Decision block 330 is next executed to determine if a set of even less frequently executed instructions generally designated by numeral 331 is to be executed. This may be caused to occur in any appropriate manner similar to those discussed for decision block 320 as are well known and practiced in the art. Decision block 330 indicates a frequency for execution of instruction set 331 of every 100 ms. If it is not time for execution of instruction set 331, the 6.25 ms interrupt routine is complete and control returns to the background routine of FIG. 2. Assuming it is time for execution of instruction set 331, control unit 42 at instruction block 335 perform various predetermined engine control functions appropriate for the frequency of the 100 ms interval. Block 337 refers to the execution of the shift light logic routine which is set forth in detail in the flow diagrams of FIGS. 5A and 5B as indicated. Finally, control unit 42 outputs a signal online 60 shown in FIG. 1 for indicating the state of the upshift indicator light as well as various other output signals for instrument cluster displays such as vehicle speedometer, oil pressure and coolant temperature for example.
Referring now to FIG. 4, a preferred routine for calculating the Upshift Torque Ratio (UTR CALCULATION) for use in upshift indication according to the present invention is illustrated. The parenthetical designations (g) and (g+1) where appended to variables as used herein designate current gear and next highest gear values, respectively. Where no parenthetical designations are used, current values are referenced. A set of steps generally designated by numeral 410 is first executed to determine a current value of engine torque. Upon entry of UTR CALCULATION, Block 411 calculates the current gear ratio "GR(g)" from current engine speed "Ne(g)" and output speed "No" according to the following expression:
A check is made at decision block 412 to determine if the calculated gear ratio matches a known gear ratio and, if no match is recognized, passes processing to block 421 which sets upshift torque ratio (UTR) to a default value of two in the present embodiment and then exits the UTR CALCULATION routine. THE DEFAULT VALUE IS essentially a "don't care" value that won't be used for further processing as will be seen in later discussion of FIG. 5A, decision block 522. GR(g) will match a given gear provided the manual clutch is engaged and slip thereacross is minimal. Where the clutch is disengaged, as may be the case where the operator has initiated a shift, a gear match may not occur. If the gear ratio matches a known gear, block 413 calculates the percent torque loss "%TQLOSS" in the current gear due to the current amount spark retard. The present embodiment assumes spark retard is a controlled engine parameter used, for example, to control engine knock in a manner known in the art. Spark retard is preferably accounted for in this embodiment since it may have a significant effect on engine torque, especially at low and moderate engine speeds where both the incidence of engine knock is most prevalent and more fuel efficient upshifting will typically occur. The percent torque loss is determined through application of the expression:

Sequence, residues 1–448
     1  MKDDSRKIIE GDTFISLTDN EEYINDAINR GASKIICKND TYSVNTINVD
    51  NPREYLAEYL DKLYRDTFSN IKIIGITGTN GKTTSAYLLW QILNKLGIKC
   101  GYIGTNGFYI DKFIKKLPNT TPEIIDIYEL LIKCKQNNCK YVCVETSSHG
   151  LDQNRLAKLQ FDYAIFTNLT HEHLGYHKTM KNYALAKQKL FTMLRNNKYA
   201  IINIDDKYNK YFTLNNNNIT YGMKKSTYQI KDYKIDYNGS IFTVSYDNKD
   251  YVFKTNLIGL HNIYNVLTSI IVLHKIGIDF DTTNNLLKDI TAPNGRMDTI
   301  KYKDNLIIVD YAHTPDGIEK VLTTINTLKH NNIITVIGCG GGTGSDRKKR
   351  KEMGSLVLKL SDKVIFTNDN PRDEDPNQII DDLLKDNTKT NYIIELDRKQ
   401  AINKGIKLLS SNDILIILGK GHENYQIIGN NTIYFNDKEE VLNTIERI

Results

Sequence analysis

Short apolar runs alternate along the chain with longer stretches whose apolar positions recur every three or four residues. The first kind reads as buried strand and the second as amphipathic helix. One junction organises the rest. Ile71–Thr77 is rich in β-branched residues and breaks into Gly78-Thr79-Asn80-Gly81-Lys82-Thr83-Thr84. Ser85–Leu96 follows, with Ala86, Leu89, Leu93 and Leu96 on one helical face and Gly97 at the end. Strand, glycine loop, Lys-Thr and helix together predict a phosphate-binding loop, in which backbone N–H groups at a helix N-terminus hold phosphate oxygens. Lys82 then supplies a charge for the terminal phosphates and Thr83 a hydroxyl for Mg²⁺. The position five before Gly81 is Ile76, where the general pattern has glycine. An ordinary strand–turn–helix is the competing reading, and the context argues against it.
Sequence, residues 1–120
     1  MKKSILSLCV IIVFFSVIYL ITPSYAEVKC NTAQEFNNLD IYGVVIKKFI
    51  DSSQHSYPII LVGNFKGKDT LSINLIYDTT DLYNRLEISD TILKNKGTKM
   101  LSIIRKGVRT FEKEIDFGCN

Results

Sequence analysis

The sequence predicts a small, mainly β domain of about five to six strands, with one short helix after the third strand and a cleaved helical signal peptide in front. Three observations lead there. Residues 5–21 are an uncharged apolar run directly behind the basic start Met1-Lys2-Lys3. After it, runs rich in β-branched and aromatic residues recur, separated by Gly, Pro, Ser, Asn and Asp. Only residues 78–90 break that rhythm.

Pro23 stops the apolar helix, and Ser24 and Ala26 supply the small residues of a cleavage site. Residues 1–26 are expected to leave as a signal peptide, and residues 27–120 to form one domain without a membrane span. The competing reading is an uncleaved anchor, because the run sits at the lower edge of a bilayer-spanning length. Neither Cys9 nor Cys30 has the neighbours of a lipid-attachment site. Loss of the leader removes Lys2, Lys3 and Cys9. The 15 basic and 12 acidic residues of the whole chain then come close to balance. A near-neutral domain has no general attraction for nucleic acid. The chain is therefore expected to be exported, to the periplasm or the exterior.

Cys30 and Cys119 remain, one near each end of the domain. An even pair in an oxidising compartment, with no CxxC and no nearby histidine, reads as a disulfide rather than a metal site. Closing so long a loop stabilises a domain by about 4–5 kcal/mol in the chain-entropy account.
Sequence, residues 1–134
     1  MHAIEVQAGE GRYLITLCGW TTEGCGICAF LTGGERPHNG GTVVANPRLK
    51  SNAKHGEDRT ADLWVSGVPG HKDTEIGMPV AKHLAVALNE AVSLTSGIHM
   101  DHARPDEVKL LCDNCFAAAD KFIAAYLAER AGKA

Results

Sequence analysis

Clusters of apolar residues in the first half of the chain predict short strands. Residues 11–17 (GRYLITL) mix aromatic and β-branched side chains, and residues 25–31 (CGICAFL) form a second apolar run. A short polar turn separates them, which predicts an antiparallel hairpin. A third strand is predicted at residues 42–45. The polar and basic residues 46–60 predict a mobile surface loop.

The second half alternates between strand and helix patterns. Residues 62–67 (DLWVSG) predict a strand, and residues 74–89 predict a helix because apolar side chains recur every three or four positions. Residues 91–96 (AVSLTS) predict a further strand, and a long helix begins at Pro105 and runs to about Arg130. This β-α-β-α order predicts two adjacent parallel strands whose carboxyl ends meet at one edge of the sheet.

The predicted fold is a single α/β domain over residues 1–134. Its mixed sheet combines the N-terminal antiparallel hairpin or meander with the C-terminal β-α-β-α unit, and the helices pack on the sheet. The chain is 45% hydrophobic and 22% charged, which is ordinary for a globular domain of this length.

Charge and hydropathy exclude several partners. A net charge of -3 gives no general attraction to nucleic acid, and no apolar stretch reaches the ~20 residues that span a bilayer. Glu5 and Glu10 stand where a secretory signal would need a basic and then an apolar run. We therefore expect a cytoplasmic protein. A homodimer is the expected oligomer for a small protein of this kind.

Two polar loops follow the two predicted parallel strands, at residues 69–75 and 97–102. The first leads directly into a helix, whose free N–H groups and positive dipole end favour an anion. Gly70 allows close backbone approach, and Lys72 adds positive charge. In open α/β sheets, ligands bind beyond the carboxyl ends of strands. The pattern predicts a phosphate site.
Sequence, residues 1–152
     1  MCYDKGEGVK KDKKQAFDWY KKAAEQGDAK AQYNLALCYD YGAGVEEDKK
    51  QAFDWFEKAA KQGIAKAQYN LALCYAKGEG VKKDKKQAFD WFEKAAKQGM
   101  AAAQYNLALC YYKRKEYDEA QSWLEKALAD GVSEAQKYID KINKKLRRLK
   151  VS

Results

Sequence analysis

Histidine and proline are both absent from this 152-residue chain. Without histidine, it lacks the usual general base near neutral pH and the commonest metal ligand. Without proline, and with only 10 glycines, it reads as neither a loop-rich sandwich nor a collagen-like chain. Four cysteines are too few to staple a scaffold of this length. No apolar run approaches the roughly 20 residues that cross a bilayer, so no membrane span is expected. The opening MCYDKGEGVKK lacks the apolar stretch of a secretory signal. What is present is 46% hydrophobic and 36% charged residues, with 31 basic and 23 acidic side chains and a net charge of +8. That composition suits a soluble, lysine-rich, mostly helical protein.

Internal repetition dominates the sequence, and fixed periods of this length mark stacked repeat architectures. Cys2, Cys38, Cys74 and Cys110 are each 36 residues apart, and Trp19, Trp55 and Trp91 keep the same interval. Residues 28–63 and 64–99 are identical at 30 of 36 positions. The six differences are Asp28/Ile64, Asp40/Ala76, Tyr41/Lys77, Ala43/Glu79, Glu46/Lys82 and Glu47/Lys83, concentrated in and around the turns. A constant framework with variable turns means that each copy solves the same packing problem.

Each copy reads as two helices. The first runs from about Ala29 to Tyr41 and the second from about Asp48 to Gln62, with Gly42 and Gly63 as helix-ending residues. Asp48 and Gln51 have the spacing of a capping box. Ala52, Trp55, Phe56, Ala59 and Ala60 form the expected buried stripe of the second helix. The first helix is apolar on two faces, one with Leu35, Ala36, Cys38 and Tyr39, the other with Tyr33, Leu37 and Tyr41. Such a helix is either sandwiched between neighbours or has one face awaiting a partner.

where SPKRET(g) is the current amount of spark retard and SPKRET(100% tqloss)is the amount of spark retard needed for 100% torque loss. Spark retard may be determined from empirically determined calibration tables. Spark retard may be a value adaptively derived as shown, for example, in U.S. Pat. No. 5,090,382 issued Feb. 25, 1992 and assigned to Saturn Corporation.
Engine volumetric efficiency "VE(g)" is next referenced from a calibration table a function of engine speed Ne(g) and MAP at block 415. Current engine torque "TQ(g)" is then determined at block 417 according to the expression:
where K is a calibration constant predetermined during fuel metering and related to actual engine displacement, operating temperature, combustion efficiency, fuel/air energy content and the universal gas constant; EGR(g) is a gain substantially corresponding to the complement of current percent exhaust gas recirculation (1-%EGR); Tf is a torque offset related to engine mechanical friction at current engine speed and the term TQLOSS represents a gain substantially corresponding to the complement of the percent torque loss attributed to the current spark retard (1-%TQLOSS(g)).
A set of steps generally designated by the numeral 430 is next executed for the purpose of calculating a predicted value of engine torque available in the next higher gear at the current output speed. Preferably, the predicted torque value corresponds to a maximum available torque (wide open throttle) in the next higher gear which simplifies the associated predicted torque calculation. The present embodiment exemplifies calculation of a predicted maximum engine torque.